RAINATTENUATION 175
(a)
0.4
1 10 10
2
10
3
0.6
0.8
1.0
1.2
1.4
1.6
1.8
10
–3
10
–1
10
(b)
Frequency, in GHz
Coefficient k
V
Coefficient α
V
0.4
1 10 10
2
10
3
1 10 10
2
10
3
0.6
0.8
1.0
1.2
1.4
1.6
1.8
10
–5
10
–4
10
–2
1
10
Frequency, in GHz
Figure 7.21 Regression coefficients (a) k
V
and (b) o
V
for the calculation of k and o (source ITU-R
P.838-3 [17]; reproduced by permission of International Telecommunications Union)
176 PROPAGATION EFFECTS MODELINGAND PREDICTION
Step 5: Calculate the horizontal reduction factor
The horizontal reduction factor, r
0.01
, is determined from the rain rate R
0.01
as follows:
r
0.01
=
1
1 + 0.78

L
G
~
R
f
− 0.38 (1 − e
−2L
G
)
(7.52)
where L
G
is the horizontal projection calculated in Step 2.
Step 6: Calculate the vertical adjustment factor
The vertical adjustment factor, v
0.01
, for 0.01 % of the time is
v
0.01
=
1
1 +

sin 0
¸
31

1 − e

0

1+.


L
R
~
R
f
2
− 0.45
¸ (7.53)
where
L
R
=





L
G
r
0.01
cos 0
km for í > 0
(h
R
− h
S
)
sin 0
km for í ≤ 0
(7.54)
and
í = tan
−1

h
R
− h
S
L
G
r
0.01

deg (7.55)
. = 36 − |¢| deg for |¢| < 36
= 0 for |¢| ≥ 36
(7.56)
Step 7: Determine the effective path length
The effective path length, L
E
, is determined from
L
E
= L
R
v
0.01
km (7.57)
Step 8: Calculate the attenuation exceeded for 0.01 % of an average year
The predicted attenuation exceeded for 0.01 % of an average year, A
0.01
, is determined from
A
0.01
= ~
R
L
E
dB (7.58)
The attenuation, A
p
, exceeded for other percentages, p, of an average year, in the range
p = 0.001 to 5 %, can be determined from
A
p
= A
0.01

p
0.01

−[0.655+0.033 ln(p)−0.045 ln(A
0.01
)−3(1−p) sin 0]
dB (7.59)
where
3 =





0 if p ≥ 1% or |¢| ≥ 36

−0.005(|¢| − 36) if p < 1% and |¢| < 36

and 0 ≥ 25

−0.005(|¢| − 36) + 1.8 − 4.25 sin 0 otherwise
(7.60)
RAINATTENUATION 177
This method provides an estimate of long-termstatistics due to rain. Large year-to-year variab-
ility in rainfall statistics can be expected when comparing the predicted results with measured
statistics (see ITU-R P.678-1 [19]).
7.3.2 Crane Rain Attenuation Models
The first published model that provided a self-contained rain attenuation prediction procedure
for global application was developed by R.K. Crane in 1980 [20]. The Crane developed model,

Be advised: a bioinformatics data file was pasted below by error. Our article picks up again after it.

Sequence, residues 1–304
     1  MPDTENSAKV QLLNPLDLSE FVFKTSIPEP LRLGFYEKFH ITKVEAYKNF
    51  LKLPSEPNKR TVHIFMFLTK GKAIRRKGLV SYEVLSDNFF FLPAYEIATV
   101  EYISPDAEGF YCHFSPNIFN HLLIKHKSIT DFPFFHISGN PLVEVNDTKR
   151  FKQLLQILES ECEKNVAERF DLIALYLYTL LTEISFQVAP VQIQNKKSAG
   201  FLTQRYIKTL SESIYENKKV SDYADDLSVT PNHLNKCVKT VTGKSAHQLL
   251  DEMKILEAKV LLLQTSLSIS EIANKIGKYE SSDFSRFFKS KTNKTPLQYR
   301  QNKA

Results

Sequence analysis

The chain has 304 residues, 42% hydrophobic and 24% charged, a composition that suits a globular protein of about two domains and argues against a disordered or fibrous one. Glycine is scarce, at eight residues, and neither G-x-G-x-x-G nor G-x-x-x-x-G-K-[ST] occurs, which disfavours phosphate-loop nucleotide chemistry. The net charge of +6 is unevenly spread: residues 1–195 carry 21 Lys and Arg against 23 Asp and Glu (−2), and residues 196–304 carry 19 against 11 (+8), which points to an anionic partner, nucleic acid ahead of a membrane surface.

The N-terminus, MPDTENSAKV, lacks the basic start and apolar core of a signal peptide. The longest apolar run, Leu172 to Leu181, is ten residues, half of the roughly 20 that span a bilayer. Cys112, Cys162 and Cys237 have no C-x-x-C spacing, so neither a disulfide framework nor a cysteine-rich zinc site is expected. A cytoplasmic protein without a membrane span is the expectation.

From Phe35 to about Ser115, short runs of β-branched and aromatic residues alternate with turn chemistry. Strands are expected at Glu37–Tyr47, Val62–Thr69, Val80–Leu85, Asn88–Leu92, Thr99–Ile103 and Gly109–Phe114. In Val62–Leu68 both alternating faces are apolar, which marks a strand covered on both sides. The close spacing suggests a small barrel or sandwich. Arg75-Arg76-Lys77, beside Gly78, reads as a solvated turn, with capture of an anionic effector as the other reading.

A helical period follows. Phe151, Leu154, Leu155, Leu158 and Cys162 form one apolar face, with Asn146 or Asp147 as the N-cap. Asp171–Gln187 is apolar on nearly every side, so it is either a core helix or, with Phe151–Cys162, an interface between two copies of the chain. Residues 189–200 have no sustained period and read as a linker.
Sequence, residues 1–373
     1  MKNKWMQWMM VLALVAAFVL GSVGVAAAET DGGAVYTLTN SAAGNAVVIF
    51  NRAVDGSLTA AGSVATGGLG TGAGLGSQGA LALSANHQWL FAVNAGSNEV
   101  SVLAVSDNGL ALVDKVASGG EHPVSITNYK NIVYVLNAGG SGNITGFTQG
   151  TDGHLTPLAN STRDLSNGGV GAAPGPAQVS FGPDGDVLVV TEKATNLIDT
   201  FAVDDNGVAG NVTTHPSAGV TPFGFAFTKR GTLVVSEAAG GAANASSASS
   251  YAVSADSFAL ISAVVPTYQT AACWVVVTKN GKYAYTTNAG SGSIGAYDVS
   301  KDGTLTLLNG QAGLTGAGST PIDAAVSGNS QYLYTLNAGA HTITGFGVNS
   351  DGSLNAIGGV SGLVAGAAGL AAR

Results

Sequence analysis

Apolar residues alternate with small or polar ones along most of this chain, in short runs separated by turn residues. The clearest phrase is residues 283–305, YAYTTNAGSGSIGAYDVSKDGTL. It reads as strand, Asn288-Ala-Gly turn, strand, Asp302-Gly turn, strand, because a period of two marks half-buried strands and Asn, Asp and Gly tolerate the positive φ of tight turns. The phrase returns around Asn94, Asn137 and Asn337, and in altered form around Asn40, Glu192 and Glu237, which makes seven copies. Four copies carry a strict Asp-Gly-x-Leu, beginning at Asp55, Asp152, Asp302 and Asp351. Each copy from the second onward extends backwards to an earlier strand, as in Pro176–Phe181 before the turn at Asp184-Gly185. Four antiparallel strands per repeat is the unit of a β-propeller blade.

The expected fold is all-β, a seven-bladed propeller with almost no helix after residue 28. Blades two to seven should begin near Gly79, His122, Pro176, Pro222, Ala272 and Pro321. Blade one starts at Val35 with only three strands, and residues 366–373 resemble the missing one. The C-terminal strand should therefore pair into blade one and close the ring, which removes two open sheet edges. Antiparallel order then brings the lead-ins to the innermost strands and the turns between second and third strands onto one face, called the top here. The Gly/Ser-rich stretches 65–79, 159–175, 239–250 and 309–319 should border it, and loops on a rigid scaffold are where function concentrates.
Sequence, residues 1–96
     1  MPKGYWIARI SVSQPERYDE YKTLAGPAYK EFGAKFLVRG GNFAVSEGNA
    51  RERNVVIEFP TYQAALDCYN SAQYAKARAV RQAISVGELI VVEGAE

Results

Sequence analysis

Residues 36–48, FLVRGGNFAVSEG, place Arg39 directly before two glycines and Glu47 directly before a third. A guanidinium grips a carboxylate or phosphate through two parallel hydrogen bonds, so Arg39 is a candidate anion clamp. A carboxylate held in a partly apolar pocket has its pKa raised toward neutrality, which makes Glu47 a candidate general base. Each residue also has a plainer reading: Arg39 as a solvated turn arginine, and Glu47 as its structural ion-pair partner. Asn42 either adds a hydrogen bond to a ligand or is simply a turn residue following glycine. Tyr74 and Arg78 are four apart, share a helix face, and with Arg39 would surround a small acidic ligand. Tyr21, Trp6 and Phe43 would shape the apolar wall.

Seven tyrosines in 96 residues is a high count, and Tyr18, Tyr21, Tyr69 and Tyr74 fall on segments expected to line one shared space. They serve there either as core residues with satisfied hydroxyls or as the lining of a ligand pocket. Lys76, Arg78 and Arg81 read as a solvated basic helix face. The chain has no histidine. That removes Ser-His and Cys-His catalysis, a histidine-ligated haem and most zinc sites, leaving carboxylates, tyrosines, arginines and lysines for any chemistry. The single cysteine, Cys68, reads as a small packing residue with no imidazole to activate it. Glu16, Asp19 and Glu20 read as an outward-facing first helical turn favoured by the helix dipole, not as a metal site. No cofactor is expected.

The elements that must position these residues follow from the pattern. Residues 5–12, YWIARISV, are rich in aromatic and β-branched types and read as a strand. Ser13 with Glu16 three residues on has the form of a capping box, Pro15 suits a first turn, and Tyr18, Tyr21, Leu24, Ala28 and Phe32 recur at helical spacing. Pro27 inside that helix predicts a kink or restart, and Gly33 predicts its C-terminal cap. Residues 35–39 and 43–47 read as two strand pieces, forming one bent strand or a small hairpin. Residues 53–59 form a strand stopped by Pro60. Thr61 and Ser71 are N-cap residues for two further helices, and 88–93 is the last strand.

usually referred to as the Global Model, is based on the use of geophysical data to determine
the surface point rain rate, point-to-path variations in rain rate, and the height dependency of
attenuation, given the surface point rain rate or the percentage of the year the attenuation value is
exceeded. The model also provides estimates of the expected year-to-year and station-to-station
variations of the attenuation prediction for a given percent of the year.
The two component rain model is an extension of the global model provided by Crane
to include statistical information on the movement and size of rain cells, and to add several
improvements to the original global model for the prediction of rain attenuation statistics. The
two-component model was first introduced about two years after the global model [21], with
later revisions included with an update of the global model in 1996 [22].
Both models will be described in the following two sections.
7.3.2.1 Crane Global Rain Model
The input parameters required for the global model are
f: the frequency of operation, in GHz
0: the elevation angle to the satellite, in degrees
¢: the latitude of the ground station, in degrees N or S
h
s
: the altitude of the ground station above sea level, in km
.: the polarization tilt angle with respect to the horizontal, in degrees
The step-by-step procedure follows.
Step 1: Determination of the rain rate distribution
Determine the global model rain climate region, R
p
, for the ground station of interest from the
global maps in Figures 7.22, 7.23, and 7.24, which show the climate zones for the Americas,
Europe and Africa, and Asia, respectively. Figures 7.25 and 7.26 present the climate zones in
more detail for North America and for Western Europe, respectively. Once the climate zone
has been selected, obtain the rain rate distribution values from Table 7.6.
If long-termmeasured rain rate distributions are available for the location of interest (prefer-
ably one-minute average data), they may be used in place of the global model distributions.
Caution is recommended in the use of measured distributions if the observations are for a
period of less than 10 years [20].